The experts are getting louder in their warnings that a housing bubble has formed in some parts of Canada, but Canadians don’t seem worried.
In fact, confidence in the housing market hit a record high in the latest weekly Bloomberg-Nanos index — even as respondents turned negative on their own personal finances.
The survey found 48.5 per cent of Canadians expect house prices to rise in the next six months, the highest level recorded in the survey since 2008. Fewer than 11 per cent expect to see house prices decrease.
"Bullish sentiment on real estate in Canada continues to drive consumer confidence,” pollster Nik Nanos said in a statement.
"Household expectations have improved by roughly 10 per cent since the start of the year as the effects of the oil price shock have stabilized and the focus has moved toward rising property values,” Bloomberg economist Robert Lawrie said.
“In recent weeks, however, consumer sentiment regarding personal finances began drifting lower, with extended household balance sheets perhaps the next focus of concern for policymakers.”
High debt levels are precisely why many market observers are growing concerned about Canada’s priciest housing markets, namely the Toronto and Vancouver regions.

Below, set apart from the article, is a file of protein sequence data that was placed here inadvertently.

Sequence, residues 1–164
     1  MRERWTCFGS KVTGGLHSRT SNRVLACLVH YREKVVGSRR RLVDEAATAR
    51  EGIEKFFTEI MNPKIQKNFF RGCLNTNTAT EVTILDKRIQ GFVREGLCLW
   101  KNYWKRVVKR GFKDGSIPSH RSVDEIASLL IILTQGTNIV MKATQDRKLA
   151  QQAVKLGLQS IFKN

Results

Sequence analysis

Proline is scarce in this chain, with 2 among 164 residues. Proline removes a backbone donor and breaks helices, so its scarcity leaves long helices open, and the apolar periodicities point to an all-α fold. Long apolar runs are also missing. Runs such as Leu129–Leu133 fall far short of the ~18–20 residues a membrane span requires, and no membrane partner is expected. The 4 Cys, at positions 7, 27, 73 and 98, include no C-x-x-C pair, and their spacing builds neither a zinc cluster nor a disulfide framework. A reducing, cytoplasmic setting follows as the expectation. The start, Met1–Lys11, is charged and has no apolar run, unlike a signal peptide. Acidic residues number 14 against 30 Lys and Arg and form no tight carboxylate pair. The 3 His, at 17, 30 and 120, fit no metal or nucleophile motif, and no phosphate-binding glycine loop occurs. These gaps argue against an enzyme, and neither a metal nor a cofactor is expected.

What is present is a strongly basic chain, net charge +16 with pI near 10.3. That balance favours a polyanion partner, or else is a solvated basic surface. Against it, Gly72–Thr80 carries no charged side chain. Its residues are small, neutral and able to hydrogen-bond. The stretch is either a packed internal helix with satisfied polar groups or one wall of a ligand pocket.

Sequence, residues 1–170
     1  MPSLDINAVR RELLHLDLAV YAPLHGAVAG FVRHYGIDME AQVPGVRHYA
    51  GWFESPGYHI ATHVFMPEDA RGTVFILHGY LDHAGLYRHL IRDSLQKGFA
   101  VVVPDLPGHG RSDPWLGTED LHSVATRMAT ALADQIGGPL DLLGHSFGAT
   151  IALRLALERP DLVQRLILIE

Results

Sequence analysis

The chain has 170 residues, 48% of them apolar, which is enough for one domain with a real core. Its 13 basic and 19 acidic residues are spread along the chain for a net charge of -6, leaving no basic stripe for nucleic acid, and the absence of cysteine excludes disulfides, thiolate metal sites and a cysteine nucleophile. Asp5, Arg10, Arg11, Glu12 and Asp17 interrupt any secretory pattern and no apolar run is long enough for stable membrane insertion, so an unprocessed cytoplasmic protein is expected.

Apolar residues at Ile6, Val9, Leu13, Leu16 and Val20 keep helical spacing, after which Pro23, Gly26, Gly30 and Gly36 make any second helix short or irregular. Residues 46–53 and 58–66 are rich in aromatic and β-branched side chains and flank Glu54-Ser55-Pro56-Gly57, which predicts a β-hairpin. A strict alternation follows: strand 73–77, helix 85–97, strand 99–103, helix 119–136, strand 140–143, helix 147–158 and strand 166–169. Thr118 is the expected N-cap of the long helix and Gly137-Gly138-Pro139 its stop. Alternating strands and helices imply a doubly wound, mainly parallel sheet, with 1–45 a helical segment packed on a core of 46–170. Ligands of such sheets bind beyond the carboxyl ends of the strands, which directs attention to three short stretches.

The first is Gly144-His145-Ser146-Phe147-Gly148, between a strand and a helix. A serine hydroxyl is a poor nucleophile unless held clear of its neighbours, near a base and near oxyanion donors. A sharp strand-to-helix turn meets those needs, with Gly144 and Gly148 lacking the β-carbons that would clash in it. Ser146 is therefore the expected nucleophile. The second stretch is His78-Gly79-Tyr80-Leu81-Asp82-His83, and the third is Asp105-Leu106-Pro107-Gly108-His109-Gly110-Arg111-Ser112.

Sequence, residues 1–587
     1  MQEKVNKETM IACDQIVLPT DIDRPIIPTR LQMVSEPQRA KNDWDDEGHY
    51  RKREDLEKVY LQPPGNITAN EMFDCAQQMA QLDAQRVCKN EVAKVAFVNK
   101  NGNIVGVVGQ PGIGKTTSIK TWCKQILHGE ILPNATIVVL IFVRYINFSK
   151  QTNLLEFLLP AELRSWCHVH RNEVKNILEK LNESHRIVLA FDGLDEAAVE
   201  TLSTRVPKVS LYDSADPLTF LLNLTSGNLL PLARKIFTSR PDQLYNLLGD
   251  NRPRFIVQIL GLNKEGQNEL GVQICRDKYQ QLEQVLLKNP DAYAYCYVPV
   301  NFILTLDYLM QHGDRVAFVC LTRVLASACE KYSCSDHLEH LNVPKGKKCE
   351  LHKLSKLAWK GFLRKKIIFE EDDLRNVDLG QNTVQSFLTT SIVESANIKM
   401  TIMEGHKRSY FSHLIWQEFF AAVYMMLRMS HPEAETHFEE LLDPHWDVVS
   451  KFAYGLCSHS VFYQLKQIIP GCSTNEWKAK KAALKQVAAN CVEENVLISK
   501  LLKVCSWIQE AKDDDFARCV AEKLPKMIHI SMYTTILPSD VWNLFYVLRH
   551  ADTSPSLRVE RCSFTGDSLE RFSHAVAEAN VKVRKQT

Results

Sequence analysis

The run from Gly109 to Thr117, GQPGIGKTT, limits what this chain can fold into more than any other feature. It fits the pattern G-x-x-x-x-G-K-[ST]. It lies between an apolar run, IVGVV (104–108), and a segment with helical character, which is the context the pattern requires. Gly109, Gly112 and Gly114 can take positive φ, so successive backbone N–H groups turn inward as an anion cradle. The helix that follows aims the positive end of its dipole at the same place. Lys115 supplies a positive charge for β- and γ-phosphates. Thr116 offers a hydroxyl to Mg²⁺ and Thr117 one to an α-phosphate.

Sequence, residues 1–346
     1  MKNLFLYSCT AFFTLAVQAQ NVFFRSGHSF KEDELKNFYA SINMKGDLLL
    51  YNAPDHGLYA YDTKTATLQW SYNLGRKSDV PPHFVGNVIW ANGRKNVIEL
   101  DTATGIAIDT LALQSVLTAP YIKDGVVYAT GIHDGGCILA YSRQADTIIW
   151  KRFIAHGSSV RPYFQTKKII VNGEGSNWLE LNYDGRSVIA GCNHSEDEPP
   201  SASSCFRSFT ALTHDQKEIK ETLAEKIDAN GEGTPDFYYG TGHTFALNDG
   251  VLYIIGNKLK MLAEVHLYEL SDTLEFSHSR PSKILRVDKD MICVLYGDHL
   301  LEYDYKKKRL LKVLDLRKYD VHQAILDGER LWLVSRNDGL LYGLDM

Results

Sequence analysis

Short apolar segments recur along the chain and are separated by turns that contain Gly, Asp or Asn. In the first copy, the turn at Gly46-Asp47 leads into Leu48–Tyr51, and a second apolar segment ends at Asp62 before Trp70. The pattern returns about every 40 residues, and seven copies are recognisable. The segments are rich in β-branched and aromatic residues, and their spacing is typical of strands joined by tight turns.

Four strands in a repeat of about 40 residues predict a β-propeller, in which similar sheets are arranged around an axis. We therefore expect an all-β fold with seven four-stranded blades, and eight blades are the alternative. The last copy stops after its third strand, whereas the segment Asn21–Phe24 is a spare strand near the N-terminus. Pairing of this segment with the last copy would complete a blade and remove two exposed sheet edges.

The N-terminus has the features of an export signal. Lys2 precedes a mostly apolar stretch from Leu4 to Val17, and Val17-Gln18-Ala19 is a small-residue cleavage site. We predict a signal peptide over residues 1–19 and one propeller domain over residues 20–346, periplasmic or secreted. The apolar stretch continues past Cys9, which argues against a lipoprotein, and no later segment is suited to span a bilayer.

House prices in Toronto jumped 33 per cent in March from a year earlier, to an average of $916,567. While Vancouver’s house prices have moderated over the past six months, they remain elevated, with the benchmark price at $919,300 in March.
National Bank of Canada, which co-publishes the Teranet house price index, warned recently that "irrational exuberance" may be setting into some Canadian housing markets, noting that more than half of Canada's regional markets are seeing price growth above 10 per cent annually.
With mortgages ballooning, Canadian household debt has repeatedly hit record highs in recent years, and now stands at $1.67 of debt for every dollar of disposable income.
Those elevated debt levels are the main reason one why the Bank for International Settlements (BIS), a Geneva-based “central bank of central banks,” warned recently that Canada has the second-highest risk of a financial crisis, behind only China.
The survey of 1,000 Canadians took place in four waves up to April 21, the same day that Ontario’s new housing rules were introduced, including a 15-per-cent foreign speculator’s tax.
Many in the real estate industry say it will do little to cool Toronto’s housing market, as foreign speculators are believed to have played a relatively small role in Toronto’s market.
The Bloomberg-Nanos survey found the mood surrounding personal finance has soured this year. The average score for 2017 so far has been 16.97, below the long-run average of 18.28. It was 18.04 in the latest survey.
This means that some 18 per cent of Canadians see their financial situation as improving. More than 28 per cent said their finances are worsening, while some 52 per cent said they see no change.
Also on HuffPost